Lacking any real connection to the culture or the people, she’s slipped into a shell. Dating? Not even a consideration at her advanced age of 50-something. Most evenings are spent on her patio, listening to music, sometimes sipping a glass of wine. Usually alone but not really lonely. Content and at peace, but that’s all. Grateful to have stumbled into a peaceful life after the stress of leaving the US with no real plan.
“Isn’t that enough?” she asks herself.
Her mind rejoins the conversation as she shifts her focus to being in this moment – sitting at this outdoor cafe in the beautiful Plaza Girabaldi on this sunny late February evening. Slightly buzzed from the chardonnay, she begins to emerge from her shell like the snails that invade her garden back in Taiwan.
Suddenly, a chardonnay epiphany jolts her like a slap across the face – THIS is what’s been missing! Something as simple as sharing a glass of wine with a few girlfriends at an outdoor cafe. One of life’s simple but necessary pleasures.
“Will I find this simple pleasure in Guatemala?” she wonders.
Happy hour draws to a close and the women finish their wine, say their goodbyes, and go their separate ways. Moe and the Blonde wander through the cobblestone streets of Old Nice toward a favorite jazz club, Shapko, to hear whatever local talent is on display. Shapko is a small, quirky place with an ornate chandelier and large Persian rug decorating the stage where amazing bands perform nightly.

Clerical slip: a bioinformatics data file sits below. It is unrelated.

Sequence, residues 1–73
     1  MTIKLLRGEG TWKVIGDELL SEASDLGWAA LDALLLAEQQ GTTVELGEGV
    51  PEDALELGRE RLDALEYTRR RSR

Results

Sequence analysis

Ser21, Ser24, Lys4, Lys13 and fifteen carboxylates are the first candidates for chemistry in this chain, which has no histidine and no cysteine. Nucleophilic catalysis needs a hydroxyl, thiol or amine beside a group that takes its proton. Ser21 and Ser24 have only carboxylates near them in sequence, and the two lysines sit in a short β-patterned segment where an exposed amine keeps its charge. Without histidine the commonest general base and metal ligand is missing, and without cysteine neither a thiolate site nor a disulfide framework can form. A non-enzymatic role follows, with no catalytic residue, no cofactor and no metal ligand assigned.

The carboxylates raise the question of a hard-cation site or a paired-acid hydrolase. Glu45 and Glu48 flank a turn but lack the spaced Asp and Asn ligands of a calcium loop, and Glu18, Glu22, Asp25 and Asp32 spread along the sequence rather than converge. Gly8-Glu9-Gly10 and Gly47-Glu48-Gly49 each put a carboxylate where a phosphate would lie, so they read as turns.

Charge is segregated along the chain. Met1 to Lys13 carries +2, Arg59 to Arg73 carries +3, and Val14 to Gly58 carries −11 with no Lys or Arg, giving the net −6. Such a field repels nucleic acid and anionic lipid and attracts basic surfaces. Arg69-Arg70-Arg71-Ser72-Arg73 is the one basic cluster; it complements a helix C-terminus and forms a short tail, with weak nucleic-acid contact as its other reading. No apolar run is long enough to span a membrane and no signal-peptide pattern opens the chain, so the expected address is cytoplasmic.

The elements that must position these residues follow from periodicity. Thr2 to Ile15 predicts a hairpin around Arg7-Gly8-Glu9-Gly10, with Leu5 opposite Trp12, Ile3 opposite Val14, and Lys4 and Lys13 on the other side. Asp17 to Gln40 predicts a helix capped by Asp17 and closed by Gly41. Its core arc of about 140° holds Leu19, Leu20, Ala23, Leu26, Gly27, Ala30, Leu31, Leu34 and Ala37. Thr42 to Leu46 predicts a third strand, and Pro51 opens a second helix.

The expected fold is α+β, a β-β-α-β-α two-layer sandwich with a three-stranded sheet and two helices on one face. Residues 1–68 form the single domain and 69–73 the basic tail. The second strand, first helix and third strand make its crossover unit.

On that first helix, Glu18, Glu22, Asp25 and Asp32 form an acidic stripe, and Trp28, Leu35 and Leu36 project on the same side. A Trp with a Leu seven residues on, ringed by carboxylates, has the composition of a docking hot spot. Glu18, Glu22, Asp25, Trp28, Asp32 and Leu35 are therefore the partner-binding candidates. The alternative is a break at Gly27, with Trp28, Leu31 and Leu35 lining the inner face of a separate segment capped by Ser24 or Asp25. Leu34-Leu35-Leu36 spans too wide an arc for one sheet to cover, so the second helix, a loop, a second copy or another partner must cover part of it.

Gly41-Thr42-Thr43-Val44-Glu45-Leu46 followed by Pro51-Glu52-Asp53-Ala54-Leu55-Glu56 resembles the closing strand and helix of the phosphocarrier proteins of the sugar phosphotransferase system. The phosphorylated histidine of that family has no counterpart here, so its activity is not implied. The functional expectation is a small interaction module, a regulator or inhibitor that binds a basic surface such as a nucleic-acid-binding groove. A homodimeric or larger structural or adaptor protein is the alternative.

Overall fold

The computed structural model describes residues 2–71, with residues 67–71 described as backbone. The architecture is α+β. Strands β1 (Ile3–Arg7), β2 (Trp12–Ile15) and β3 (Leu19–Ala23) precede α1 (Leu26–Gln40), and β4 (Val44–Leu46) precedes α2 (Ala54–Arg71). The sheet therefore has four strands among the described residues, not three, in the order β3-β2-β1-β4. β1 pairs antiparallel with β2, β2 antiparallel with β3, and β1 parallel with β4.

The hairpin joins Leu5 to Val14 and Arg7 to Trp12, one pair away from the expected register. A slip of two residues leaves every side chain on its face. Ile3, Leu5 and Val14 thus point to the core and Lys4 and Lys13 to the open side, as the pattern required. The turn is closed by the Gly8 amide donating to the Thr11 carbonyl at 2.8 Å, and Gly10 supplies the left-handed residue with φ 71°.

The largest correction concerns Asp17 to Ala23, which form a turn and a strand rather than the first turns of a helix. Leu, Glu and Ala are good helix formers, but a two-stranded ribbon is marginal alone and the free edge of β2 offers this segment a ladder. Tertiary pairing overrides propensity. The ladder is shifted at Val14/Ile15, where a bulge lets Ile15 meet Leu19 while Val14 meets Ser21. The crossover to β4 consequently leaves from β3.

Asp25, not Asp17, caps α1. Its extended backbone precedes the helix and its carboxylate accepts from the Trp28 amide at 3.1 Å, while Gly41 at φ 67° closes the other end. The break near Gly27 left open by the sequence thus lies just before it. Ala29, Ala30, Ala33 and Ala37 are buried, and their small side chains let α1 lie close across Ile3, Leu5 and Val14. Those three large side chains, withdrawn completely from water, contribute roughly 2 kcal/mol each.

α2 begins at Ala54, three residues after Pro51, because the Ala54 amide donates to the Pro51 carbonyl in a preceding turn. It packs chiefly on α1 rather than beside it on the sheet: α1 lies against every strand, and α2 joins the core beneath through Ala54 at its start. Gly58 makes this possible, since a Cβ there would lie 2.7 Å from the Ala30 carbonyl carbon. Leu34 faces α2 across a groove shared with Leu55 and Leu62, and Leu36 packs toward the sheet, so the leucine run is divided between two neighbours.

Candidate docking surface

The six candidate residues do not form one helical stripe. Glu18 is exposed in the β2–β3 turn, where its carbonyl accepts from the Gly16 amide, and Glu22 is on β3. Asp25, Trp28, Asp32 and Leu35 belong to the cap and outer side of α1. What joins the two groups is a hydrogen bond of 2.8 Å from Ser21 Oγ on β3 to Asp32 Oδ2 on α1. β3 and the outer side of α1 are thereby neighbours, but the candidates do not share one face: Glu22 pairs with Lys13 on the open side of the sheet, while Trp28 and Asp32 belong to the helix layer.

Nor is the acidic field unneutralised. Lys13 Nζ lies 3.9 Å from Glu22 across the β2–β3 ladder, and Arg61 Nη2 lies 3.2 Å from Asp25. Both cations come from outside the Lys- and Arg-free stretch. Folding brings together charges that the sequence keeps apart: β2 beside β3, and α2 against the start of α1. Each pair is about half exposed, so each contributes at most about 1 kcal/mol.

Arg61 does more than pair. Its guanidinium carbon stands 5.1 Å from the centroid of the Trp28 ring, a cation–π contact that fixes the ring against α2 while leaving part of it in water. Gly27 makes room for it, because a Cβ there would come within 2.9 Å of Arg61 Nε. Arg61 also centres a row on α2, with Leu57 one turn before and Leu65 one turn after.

On this night it’s 70’s Classic Rock. The two women grab stools at the bar and join the band singing the songs of their younger years, remembering every word. Rolling Stones. Jackson Browne. Neil Young. The small club is crowded but not claustrophobic and the joy and energy are infectious. People dance like nobody’s watching with uninhibited freedom.
Live music. Passionate people. Energy. Fun. Life!
The Blonde’s shell cracks a bit more as she dances on her bar stool, moving her hips to the pulsing beat of Classic Rock.
Finally, after a night of 70’s flashbacks, it’s closing time and the women walk slowly up the narrow cobblestone alley toward home. The night is silent except for the “clack, clack, clack…” sound of their heels echoing loudly with every step, bouncing off the walls of 17th-century buildings lining the alley. Slightly buzzed on a little too much chardonnay, they burst into laughter and continue on tip-toe to avoid waking the neighbors.
“Guatemala? Guatemala who?” the Blonde wonders as they giggle their way home.
Part 3 – The Look
A month later, the Blonde returns to Nice for a long weekend. She’s determined to answer the burning question:
“Was Nice just a crush or could it become more? Could this place be the beginning of something really special?”
An amazing live music scene. Sipping chardonnay with girlfriends at an outdoor cafe. Exploring ancient nearby villages. The Mediterranean Sea. The simple pleasures of life.
With the score heavily favoring Nice over a fading fascination with Guatemala, Moe and the Blonde finish their wine at a local gay bar, “Le Bitch”, and walk next door to their favorite hangout, Shapko. Tonight’s band is one they’ve never heard. The door opens and they’re drawn into the pulsing, funky music filling the space of the small club, energizing the large crowd.
As the women enter, he looks up. Their eyes meet and a huge smile spreads across his handsome face.
“Wow, he actually sees me!” she realizes as a smile lights up her eyes.
She’s no longer invisible and the remains of her shell melt away and slip silently to the floor.
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(Wine photo credit via <a href=”https://visualhunt.com/re/4d216e”>Visualhunt.com</a>)